The conversation I’m having with Ravyn appears to be one of those strange occurrences in life where you appear to be doing exactly the right thing, or in this case, hearing the right thing. Ravyn hits the nail on the head when it comes to social media and creating art – “There’s no wrong way to do it, and removing that unnecessary pressure off myself of having to rush allows me to be in a better space to create.” If there’s one thing to take away from this article other than that Ravyn Lenae is full of warmth and light, it’s those words.

Continuing on with our chat about slowing down, Ravyn reveals that collaborating with other artists, especially her friends “is a completely different process” Ravyn reveals. “It’s actually really fun because I get to step out of my world for a moment, and it forces me to figure out where I fit in their world and allows me to come back to my work with fresh lenses” which shows Ravyn to be aware of her introspection, and the need to look outward for clarity. People may be patronising towards the young artist, but it’s crystal clear that Ravyn knows how to take care of herself and her creativity; which a lot of artists fail to do and follow a path of destruction.

 

 

When I try to hint about the next album, you can immediately hear the excitement in Ravyn’s tone fluctuate. “I’m just so excited for what’s next” Ravyn speeds up, ” I’ve been working on it for a little while and it’s always exciting to think ahead especially when my brain has been marinating over the course of the year.” That’s enough for me to feel content and slightly more patient for the new work and promised “elevation within the music and myself”.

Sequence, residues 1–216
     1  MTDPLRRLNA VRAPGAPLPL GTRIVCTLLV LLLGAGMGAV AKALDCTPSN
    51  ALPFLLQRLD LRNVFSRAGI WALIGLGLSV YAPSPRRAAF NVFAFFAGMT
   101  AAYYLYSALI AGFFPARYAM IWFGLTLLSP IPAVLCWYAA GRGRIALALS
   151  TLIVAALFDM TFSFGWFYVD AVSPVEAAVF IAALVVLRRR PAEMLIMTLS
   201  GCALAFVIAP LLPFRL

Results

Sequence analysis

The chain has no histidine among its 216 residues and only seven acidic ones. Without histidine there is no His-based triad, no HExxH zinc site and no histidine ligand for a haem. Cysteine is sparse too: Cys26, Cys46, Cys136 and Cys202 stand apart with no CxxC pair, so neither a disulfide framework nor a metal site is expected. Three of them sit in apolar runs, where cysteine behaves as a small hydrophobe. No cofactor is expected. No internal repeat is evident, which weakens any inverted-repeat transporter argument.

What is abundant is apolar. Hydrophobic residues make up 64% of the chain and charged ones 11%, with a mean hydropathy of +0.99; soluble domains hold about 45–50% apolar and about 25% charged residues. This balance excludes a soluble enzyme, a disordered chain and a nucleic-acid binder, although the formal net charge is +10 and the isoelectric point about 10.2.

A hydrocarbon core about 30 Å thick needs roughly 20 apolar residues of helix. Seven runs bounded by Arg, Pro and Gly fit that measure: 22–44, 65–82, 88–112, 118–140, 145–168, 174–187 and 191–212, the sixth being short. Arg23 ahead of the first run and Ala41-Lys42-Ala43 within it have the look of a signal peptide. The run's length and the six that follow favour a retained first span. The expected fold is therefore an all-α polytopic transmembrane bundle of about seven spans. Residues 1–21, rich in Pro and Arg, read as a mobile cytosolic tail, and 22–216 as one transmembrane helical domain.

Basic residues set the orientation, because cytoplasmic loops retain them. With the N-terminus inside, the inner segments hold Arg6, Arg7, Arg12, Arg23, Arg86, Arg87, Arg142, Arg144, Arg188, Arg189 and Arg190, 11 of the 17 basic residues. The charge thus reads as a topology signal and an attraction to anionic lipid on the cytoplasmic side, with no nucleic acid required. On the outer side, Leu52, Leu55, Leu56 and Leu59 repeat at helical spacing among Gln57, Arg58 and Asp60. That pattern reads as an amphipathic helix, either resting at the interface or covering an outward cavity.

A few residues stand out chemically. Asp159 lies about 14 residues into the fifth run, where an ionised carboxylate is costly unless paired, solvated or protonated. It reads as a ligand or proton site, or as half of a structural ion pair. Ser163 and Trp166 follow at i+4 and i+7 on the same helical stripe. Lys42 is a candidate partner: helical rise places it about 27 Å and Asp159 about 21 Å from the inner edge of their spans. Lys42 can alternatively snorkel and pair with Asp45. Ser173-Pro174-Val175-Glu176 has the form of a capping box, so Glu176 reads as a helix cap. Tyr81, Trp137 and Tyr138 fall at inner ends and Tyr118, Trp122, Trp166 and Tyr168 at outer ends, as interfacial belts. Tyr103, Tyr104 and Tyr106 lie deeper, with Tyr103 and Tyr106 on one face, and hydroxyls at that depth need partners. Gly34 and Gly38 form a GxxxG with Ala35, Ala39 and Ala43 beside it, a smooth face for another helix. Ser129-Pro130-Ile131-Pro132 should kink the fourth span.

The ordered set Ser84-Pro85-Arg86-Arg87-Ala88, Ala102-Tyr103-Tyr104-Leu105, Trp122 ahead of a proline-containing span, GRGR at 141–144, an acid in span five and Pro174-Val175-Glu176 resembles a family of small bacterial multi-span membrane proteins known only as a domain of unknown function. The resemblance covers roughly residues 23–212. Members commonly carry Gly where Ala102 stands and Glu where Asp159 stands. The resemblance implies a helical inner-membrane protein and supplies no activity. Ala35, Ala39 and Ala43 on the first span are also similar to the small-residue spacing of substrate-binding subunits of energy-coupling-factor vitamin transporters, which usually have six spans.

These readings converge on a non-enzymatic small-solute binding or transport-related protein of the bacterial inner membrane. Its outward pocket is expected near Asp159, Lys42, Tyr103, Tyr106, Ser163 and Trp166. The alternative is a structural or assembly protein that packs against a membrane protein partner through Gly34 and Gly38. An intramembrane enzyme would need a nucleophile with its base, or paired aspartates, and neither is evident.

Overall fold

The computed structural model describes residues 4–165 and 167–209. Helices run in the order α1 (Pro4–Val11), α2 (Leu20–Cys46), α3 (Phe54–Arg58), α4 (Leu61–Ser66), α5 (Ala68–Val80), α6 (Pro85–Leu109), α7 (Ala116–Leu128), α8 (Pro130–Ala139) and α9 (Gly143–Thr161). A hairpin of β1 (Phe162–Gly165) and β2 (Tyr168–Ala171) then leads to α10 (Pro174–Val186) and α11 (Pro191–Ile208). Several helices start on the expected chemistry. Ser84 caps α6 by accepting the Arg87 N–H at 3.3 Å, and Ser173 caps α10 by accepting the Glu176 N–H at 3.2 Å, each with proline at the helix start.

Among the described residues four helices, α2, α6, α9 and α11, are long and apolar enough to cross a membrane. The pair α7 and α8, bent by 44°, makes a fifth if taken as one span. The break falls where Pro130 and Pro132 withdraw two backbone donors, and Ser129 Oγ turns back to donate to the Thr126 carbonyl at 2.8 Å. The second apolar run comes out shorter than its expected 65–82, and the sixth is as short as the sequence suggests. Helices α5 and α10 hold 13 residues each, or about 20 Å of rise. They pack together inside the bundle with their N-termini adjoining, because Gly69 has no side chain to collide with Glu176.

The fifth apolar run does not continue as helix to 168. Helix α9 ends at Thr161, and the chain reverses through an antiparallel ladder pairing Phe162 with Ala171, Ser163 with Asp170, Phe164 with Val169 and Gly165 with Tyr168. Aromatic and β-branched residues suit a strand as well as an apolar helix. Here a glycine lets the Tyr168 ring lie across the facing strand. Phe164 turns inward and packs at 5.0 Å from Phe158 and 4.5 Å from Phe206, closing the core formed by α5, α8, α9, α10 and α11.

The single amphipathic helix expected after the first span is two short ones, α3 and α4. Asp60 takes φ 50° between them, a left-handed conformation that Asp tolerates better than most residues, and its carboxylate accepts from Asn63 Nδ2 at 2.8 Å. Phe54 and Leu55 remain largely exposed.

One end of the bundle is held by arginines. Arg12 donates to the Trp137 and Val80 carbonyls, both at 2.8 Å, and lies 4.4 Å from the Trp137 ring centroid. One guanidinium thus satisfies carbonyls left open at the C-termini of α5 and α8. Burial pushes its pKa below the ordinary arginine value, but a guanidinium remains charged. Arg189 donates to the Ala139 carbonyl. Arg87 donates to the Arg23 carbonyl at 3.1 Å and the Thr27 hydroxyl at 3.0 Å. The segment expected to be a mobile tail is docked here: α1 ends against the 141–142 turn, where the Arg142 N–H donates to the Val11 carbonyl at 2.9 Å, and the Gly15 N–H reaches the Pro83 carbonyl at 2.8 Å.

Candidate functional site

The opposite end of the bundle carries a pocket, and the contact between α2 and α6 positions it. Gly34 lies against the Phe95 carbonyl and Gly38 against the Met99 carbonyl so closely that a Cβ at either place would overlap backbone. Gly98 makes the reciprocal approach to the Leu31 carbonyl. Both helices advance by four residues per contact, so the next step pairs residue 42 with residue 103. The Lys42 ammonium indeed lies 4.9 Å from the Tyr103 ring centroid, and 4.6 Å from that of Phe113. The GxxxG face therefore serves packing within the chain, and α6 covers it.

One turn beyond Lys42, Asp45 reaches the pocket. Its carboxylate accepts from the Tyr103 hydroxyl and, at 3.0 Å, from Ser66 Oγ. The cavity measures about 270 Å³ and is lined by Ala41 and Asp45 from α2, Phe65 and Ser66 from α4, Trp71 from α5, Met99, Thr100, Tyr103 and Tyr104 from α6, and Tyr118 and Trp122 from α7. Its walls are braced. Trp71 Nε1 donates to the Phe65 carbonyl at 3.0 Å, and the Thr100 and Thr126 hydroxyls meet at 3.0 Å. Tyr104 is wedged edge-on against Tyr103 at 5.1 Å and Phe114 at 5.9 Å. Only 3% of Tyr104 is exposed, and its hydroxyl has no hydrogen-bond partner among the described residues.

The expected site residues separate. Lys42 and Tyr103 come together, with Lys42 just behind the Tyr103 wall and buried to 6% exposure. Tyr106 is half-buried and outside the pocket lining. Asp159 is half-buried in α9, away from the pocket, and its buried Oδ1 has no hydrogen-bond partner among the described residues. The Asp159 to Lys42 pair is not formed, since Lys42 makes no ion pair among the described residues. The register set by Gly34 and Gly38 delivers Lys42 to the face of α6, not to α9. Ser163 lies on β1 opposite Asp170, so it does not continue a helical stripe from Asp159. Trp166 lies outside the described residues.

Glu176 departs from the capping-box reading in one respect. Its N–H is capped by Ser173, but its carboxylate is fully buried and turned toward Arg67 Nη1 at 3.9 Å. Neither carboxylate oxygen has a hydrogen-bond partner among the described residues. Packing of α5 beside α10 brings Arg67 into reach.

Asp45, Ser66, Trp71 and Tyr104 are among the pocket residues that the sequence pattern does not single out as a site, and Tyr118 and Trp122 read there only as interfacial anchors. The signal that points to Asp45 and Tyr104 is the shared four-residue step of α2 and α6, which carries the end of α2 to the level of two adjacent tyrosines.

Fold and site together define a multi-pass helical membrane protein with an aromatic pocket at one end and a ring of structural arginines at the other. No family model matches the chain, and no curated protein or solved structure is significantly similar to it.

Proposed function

If you’re a new listener to Ravyn Lenae, her technical ability to push her vibrato, thanks to her classical training, in quick waves divulges you in emotion with an appreciation for her skills. When I ask about what has been her most emotional or memorial moment on stage it’s interesting to hear it’s her London show.  Ravyn reveals that “I think I speak for a lot of artists when I say the UK is just so receptive to people in my genre. Their ears are so sharp, whereas in America they often wait for everyone else to like it first”. Picking up an almost bittersweet tone, Ravyn explains, “Everyone wants that love from home you know. I want Chicago to be my number one, but I never felt that love on stage like I did in London.” It’s a unique energy that Ravyn radiates authentically, particularly in those moments of vulnerability. Making it easy to say this has been one of the most enjoyable and at ease interviews I’ve done. As we all wait patiently for the next stage of Ravyn Lenae’s career, it’s been so special to talk to an artist on the very brink of something special.